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Eur J Cancer. 2006 Jul;42(11):1581-90. Epub 2006 Jun 23.

Angiogenesis in multiple myeloma.

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  • 1Department of Haematology and Oncology, Charit√©, Universit√§tsmedizin Berlin, Schumannstr. 20, D-10117 Berlin, Germany.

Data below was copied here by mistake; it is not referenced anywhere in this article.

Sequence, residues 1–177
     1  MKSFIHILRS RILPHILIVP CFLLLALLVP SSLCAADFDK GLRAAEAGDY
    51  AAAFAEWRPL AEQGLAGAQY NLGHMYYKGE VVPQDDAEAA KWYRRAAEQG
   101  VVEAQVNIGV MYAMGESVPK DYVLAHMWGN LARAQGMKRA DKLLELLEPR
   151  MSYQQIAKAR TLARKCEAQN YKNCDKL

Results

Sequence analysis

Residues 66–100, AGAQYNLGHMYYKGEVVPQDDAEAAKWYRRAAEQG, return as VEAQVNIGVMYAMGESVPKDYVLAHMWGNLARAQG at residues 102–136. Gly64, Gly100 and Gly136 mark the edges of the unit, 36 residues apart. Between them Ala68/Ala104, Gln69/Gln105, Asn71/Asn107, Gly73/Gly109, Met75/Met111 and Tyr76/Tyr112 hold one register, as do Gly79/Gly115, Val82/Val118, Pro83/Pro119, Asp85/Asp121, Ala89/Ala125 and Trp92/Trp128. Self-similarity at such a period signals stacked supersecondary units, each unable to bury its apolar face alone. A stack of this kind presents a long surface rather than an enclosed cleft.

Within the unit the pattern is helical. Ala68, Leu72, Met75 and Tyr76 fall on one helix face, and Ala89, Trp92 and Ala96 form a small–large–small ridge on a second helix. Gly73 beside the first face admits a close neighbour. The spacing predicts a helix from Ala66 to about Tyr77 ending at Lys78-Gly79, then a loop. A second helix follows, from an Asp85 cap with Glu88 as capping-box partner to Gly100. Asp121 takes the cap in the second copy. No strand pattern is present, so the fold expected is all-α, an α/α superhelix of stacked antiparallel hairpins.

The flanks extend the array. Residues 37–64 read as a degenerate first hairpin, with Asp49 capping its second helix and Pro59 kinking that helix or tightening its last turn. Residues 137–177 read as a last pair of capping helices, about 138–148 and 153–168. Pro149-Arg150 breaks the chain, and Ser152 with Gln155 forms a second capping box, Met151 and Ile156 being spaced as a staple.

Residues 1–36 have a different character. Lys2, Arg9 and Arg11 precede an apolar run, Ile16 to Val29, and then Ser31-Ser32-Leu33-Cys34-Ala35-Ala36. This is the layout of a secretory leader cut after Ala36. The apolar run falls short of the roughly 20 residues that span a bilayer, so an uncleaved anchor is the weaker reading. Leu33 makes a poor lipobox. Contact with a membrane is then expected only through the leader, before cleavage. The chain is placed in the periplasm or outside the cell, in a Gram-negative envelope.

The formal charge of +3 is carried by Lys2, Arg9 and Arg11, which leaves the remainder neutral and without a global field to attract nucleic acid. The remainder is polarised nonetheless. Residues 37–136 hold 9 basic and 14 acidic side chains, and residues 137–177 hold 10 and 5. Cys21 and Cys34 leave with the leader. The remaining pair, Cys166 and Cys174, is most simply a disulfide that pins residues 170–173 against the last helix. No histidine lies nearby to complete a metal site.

Multiple myeloma (MM) was the first haematological malignancy in which a prognostic relevance of bone marrow microvessel density (MVD) was shown. Myeloma-induced angiogenesis involves either the direct production of angiogenic molecules by myeloma cells or their induction in bone marrow stromal cells or endothelial cells (EC). Recent data demonstrate an increased angiogenic potential and a paracrine stimulatory effect of bone marrow EC on plasma cells (PC) in MM. Soluble angiogenic factors are elevated in bone marrow (BM) and in peripheral blood samples from myeloma patients. Furthermore, correlation with disease stage and prognosis was shown for serum levels of the angiogenic factors basic fibroblast growth factor (bFGF), hepatocyte growth factor (HGF) and vascular endothelial growth factor (VEGF). In this review we summarize recent data which give strong evidence for an increased angiogenic activity in bone marrow microenvironment and support the hypothesis that angiogenesis is not only an epiphenomenon of tumour growth but may also promote PC growth in MM.

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